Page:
(1862, lest it pass anyone by, was during the Lincoln Presidency.)

      This "treacherous" rebellion by one's lessers is, I think, the unremarked-upon significance of perhaps the greatest hero of the 2012 election, to whom I wish our country would erect the Statue of the Unknown Bartender.  The act of video-recording Mitt Romney's "47% speech" -- we can call it the Epistle to the Donors -- was a serious and devastating act of resistance on the part of the (relative) underclass.  The wealthy are unspeakably freaked out by it because, in this age of technology, it's an act of resistance (or, under the right circumstances, revenge) that anyone in the "servant class" could conceivably perform -- and in one's own house!  It's a continuation of the fear on the part of slaveholding classes everywhere of having one's throat slit at night.

      I'll cheer for the cinematic Django too -- but I also cheer for our real-life Unknown Bartender.  In treacherous times, with a treacherous ruling class, sometimes it's important to know the value and place of counter-treachery.  It's a lesson that more and more people of "the 99%" will study in the years to come.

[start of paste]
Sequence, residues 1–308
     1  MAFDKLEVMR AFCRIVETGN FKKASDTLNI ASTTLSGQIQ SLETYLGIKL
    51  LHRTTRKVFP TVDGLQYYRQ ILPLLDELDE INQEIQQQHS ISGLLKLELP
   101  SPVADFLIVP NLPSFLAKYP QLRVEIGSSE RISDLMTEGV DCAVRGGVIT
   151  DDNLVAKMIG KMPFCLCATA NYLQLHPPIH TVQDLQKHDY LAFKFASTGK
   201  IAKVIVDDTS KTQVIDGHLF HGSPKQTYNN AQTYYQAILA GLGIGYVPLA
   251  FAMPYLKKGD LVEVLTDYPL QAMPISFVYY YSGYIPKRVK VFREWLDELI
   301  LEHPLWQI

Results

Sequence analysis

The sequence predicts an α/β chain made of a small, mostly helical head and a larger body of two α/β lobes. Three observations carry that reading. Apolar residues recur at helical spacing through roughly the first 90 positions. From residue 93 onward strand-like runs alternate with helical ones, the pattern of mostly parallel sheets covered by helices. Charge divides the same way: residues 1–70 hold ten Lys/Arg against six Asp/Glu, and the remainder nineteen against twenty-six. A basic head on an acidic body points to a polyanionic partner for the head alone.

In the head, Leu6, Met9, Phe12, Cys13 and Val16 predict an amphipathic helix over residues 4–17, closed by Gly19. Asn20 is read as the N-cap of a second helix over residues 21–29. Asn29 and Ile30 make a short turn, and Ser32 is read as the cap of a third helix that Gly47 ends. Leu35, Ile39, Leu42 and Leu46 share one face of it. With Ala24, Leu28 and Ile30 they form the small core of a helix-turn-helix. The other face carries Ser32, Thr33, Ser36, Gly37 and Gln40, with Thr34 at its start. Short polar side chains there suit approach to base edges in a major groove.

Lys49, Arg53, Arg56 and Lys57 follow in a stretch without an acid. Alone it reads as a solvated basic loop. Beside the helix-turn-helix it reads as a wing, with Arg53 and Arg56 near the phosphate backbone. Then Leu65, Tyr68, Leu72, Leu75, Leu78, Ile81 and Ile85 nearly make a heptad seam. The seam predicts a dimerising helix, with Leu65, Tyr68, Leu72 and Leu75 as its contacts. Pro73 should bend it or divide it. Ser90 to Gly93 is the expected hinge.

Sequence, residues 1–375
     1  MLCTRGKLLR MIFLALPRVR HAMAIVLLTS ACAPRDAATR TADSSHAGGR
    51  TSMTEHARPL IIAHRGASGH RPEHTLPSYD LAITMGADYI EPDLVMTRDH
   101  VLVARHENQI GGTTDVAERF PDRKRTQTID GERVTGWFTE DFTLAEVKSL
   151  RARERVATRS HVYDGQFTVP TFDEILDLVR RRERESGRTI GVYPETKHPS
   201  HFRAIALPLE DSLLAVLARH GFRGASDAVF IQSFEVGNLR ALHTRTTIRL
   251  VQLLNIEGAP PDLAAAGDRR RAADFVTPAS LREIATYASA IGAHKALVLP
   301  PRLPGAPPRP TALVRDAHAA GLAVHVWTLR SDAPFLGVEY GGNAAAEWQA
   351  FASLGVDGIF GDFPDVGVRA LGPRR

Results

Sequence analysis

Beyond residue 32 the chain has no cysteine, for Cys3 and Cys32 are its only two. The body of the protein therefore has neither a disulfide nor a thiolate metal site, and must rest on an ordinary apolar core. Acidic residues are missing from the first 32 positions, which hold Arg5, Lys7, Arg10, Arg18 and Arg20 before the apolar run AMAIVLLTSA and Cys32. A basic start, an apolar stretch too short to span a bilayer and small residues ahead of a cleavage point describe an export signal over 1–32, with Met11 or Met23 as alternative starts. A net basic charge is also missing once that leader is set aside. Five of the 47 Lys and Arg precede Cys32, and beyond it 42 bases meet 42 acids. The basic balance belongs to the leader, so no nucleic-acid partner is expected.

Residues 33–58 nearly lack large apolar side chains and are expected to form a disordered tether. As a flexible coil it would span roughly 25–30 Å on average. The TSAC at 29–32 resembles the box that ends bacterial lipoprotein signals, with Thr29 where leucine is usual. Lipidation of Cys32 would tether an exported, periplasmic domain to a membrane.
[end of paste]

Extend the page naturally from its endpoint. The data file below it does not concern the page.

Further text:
Plaintiffs' Employment Law Attorney (harassment, discrimination, retaliation, whistleblowing, wage & hour, &c.) in North Orange County, CA.

      "I love this goddamn country, and we're going to take it back."
      -- Saul Alinsky

      by Seneca Doane on Wed Dec 12, 2012 at 01:31:58 PM PST

      [ Parent ]

    •  That's the point, (3+ / 0-)

      4 years of racism against Obama, his wife and kids. Doesn't bother these people at all. Jamie Foxx makes one comment and now the world is ending and all blacks are racist.
      It's really very funny.

      Reminds me when OJ Simpson was acquitted. After decades of blacks dying by the hands of white men with no consequence, one black dude gets acquitted and the world ends.
      People need to wake up and see reality.

      The only foes that threaten America are the enemies at home, and those are ignorance, superstition, and incompetence. - Elbert Hubbard -9.62/-8.15

      by GustavMahler on Wed Dec 12, 2012 at 01:44:57 PM PST

      [ Parent ]